Friday 18 July 2014

Impulse Response

If you choose to embark upon an entrepreneurial career, you will often find yourself putting together financial spreadsheets to model your business. Investors in particular love to pore over scenarios of how your business might develop, and having a good financial model is an invaluable tool to have at your disposal. Of course, if you’re smart, you’ll want to thoroughly test your spreadsheet to make sure that your financial logic contains no embarrassing errors. One of the techniques for doing that is to enter an arbitrary billion dollars into one of the input cells, and see where else in your spreadsheet unexpected extra billions show up. It is very easy to spot billions of dollars when they start to appear in places they don’t belong. You might say that what you are doing is measuring the “impulse response” of your spreadsheet.

Digital filters are no different. Data goes in one place, and results come out someplace else. In this case, both the inputs and outputs are streams of numbers. Conceptually, digital filters are quite simple things. You take the input value, and add to it bits of the previous input values together with bits of the previous output values. That’s really all there is to it. The filter design tells you how many of the previous input and output values go into the mix, and precisely what fraction of each to use. Some filters only rely on the previous input values, and don’t use the previous output values. Filters that do use the previous output values have an interesting property - each output value contains a little bit of each and every previous input value.

What are the implications when a bit of one input value ends up in each and every one of the subsequent output values? A very easy analysis would be to take a signal comprising digital silence - in effect nothing but zeros - and modify it so that one data point (and only one data point) is at a maximum value. We call this waveform an “Impulse”. We put this data stream through our digital filter and see what comes out the other end. What happens is that the output comprises a stream of zeros up until the time the impulse reaches the input of the filter. After that, the output will comprise a sequence of non-zero values - in effect a series of echoes of the original impulse. This artificial construct - how the residue of one single impulse value in a sea of zeros appears in the output data stream - is called the “impulse response” of the filter. If the filter uses only previous input values and no previous output values, then the echoes will fall to zero as soon as we reach the point where the impulse is no longer one of the previous values that goes into the mix. Such filters are called “Finite Impulse Response” (FIR) filters. If, however, the filter uses previous output values, then the echoes of the impulse will remain within the output signal forever, or at least until such time as its magnitude becomes too small to register. These filters are called “Infinite Impulse Response” (IIR) filters.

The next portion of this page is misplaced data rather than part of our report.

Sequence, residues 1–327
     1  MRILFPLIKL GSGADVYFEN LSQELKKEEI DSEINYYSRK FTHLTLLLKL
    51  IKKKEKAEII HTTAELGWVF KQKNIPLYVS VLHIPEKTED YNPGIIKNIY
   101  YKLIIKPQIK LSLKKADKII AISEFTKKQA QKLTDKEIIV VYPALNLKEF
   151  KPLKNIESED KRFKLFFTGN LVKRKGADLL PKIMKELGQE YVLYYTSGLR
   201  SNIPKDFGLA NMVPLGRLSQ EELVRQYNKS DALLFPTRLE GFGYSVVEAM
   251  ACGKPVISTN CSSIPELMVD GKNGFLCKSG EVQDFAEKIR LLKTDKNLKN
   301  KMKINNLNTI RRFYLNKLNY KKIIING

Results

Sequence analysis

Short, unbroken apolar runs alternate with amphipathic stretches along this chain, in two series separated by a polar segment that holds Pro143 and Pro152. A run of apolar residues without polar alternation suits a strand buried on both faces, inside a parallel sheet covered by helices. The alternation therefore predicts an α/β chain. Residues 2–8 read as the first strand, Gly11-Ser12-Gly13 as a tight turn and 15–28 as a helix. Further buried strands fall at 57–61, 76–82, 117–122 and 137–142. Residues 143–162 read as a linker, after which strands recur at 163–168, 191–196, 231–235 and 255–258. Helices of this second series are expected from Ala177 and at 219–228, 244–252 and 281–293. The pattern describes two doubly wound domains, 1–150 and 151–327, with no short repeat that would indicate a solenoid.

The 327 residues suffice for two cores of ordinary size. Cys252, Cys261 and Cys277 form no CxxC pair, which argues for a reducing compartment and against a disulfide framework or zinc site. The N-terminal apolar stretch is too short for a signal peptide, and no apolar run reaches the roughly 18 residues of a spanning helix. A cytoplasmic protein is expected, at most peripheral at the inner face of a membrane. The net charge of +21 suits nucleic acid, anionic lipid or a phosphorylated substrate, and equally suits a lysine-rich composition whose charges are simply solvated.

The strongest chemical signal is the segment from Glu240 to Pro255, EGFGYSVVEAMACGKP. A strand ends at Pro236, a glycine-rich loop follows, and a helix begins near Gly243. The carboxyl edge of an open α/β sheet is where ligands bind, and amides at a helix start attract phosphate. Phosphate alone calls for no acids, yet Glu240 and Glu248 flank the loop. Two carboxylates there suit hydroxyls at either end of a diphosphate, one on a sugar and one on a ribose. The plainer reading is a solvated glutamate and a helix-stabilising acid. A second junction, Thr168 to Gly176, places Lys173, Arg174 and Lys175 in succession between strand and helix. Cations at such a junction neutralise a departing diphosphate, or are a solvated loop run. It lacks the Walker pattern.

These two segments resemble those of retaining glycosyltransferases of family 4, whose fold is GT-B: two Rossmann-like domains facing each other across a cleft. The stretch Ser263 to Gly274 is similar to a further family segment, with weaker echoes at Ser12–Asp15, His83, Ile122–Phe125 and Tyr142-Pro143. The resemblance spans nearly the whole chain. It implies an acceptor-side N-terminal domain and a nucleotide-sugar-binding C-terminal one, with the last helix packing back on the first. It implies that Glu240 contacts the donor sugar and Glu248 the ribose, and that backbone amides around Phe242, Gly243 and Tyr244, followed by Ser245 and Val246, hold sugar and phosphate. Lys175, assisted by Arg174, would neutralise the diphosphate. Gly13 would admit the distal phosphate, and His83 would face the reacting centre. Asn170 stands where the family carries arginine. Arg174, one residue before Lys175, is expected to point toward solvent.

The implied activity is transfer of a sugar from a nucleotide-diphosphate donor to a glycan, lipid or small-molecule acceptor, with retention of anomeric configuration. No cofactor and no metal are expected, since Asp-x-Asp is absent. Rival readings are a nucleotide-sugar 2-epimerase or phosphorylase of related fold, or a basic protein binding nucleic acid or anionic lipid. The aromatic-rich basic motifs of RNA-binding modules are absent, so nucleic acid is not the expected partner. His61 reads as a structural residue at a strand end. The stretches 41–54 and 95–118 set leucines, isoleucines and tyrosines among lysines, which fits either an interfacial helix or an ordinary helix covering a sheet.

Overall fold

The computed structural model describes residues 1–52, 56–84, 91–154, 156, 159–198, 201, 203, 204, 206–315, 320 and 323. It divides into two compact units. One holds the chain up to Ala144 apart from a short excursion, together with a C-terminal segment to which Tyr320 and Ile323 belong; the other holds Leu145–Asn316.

An impulse response looks like a waveform. You can easily plot it out. It looks like a waveform precisely because it is a waveform, and you can do anything with it that you can do with any other waveform. Impulse responses have many interesting properties, most of which are beyond the scope of this post. But, as an example, if we take its Fourier transform, the result is the transfer function of the filter, which is to say its frequency and phase responses. This is why the key aspects of a filter’s performance are intimately inter-related. Once you define a filter’s frequency response (for example by defining the characteristics of a low-pass filter) and phase response (for example by specifying linear phase or minimum phase), you will have set in stone its impulse response. In other words, the impulse response (IR) is the direct consequence of the choices you have made in terms of frequency response (FR) and phase response (PR). What it boils down to, is that when it comes to filter design, you only get to specify any two of its IR, PR and FR, and the third will be determined for you.